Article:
You’ve probably heard that diversity in the workplace benefits small businesses, but do you know what diversity looks like? Having a diverse workforce is more than striving for balance based on race or gender. It also involves hiring people who have different backgrounds, religious beliefs, sexual orientation, political views and education.
One of the challenges in creating diversity at your company is overcoming unconscious bias. It’s natural to hire people who are like you — our brains seek familiarity and patterns. To have diversity in the workplace you must consciously override your mental tendencies and commit to creating a culture that celebrates differences.
To create a more diverse workforce, start by expanding the pool of candidates for your next job opening. Actively recruit minorities by reaching out to local colleges or cultural institutions that support particular demographics. You can also post your job ads on sites like DiversityWorking or American Association for Affirmative Action that focus on minorities who are looking for jobs.
Use recruiting software that removes names, gender references and even dates of employment. One study found that resumes with racial indicators like Asian- or African-sounding names received 30% to 50% fewer callbacks than similar resumes without those indicators. The study also found that a resume with a male name is 40% more likely to get an interview request than a similar resume that has a female name. Tools that remove those indicators can help remove the risk of unconscious bias during the recruiting stage.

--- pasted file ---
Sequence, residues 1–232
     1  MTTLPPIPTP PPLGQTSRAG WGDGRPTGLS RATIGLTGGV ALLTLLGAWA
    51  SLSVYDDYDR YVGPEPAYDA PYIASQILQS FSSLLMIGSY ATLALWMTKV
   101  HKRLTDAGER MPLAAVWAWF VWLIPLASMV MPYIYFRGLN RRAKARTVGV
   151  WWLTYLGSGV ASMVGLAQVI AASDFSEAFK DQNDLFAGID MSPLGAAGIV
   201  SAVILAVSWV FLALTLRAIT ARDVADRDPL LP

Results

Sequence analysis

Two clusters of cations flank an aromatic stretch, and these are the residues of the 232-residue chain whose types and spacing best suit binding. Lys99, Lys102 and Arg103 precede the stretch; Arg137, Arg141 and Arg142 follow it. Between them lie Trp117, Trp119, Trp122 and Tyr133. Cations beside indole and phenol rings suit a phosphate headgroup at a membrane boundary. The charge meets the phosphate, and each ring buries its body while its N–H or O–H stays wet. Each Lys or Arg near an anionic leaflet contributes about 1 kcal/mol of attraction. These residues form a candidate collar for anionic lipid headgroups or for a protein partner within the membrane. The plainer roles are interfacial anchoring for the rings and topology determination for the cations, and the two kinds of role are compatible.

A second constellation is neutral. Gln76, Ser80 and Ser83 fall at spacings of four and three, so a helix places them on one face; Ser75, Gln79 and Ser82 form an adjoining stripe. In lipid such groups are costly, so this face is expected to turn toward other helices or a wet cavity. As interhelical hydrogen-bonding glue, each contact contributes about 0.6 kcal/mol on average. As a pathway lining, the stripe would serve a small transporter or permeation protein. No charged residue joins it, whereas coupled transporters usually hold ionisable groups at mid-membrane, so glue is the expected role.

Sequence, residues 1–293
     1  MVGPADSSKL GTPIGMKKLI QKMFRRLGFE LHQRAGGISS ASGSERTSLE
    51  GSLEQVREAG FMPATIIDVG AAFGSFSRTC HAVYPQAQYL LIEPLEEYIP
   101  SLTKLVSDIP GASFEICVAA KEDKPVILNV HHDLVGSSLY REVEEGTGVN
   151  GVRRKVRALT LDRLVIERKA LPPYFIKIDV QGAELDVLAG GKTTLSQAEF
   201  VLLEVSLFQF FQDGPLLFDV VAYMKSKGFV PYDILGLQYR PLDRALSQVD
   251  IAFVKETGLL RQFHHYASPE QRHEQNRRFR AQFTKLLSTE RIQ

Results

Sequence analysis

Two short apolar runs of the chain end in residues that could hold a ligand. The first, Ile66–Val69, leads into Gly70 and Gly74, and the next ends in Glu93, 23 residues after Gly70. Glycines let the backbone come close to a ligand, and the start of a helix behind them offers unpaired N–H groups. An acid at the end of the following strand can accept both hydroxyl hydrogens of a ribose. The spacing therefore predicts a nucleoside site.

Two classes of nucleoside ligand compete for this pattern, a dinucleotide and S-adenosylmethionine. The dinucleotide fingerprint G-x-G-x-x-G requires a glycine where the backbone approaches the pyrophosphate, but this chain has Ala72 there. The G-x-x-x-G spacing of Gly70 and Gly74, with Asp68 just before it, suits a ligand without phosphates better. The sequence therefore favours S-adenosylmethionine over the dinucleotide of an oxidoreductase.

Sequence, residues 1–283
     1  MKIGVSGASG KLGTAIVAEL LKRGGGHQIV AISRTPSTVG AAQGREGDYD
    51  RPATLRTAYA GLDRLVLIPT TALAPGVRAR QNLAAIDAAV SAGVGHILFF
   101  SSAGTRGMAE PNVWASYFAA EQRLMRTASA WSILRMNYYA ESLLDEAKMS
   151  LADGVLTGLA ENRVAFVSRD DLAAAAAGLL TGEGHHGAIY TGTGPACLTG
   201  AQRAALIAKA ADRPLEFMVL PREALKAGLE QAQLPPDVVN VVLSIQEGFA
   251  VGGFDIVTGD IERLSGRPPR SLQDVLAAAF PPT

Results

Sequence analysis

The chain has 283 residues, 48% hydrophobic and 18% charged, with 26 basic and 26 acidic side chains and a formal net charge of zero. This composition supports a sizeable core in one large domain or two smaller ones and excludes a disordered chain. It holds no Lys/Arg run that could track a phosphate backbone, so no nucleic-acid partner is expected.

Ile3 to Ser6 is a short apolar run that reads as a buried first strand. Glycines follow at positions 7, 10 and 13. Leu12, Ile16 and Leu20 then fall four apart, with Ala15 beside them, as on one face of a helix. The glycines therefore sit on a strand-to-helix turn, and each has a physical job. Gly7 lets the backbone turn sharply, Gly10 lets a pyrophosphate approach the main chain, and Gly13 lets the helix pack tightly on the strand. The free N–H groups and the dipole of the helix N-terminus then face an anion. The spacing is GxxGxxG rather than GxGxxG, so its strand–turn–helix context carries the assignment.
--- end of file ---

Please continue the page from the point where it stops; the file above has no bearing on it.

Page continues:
You want your managers to understand the benefits of a diverse workplace, so it’s also helpful to conduct diversity training, especially with employees who help in hiring decisions. Create a diversity task force that brainstorms and implements solutions and monitors the workplace for areas that need improvement.
Embracing diversity isn’t just the right thing to do — it also offers companies many tangible benefits. Companies that report above-average diversity on their management teams see 19% higher revenue.
A diverse company is also better able to drive innovation since people from different backgrounds bring different perspectives and ideas to the workplace, which can boost creativity and out-of-the-box thinking. One study found that companies with policies that encourage the retention and promotion of workers across the race, sexual orientation, and gender spectrum were more innovative and released more products.
Diversity is also helpful in attracting and retaining employees. When surveyed, two-thirds of job seekers said diversity was an important factor in their evaluation of job offers.
More importantly, greater diversity can also create a culture in which established ideas are challenged, helping to improve the output and creativity of a company. When your team comes from similar backgrounds, it’s likely that the ideas and opinions they hold are also similar. This dynamic can increase the risk of groupthink in your office, making your company’s new offerings stale.
As a business owner, it’s up to you to set the tone and be the example in your workplace. If you promote a culture of diversity, your business will make strides to become a place that celebrates differences. The beauty of having a diverse workplace is that everybody wins.
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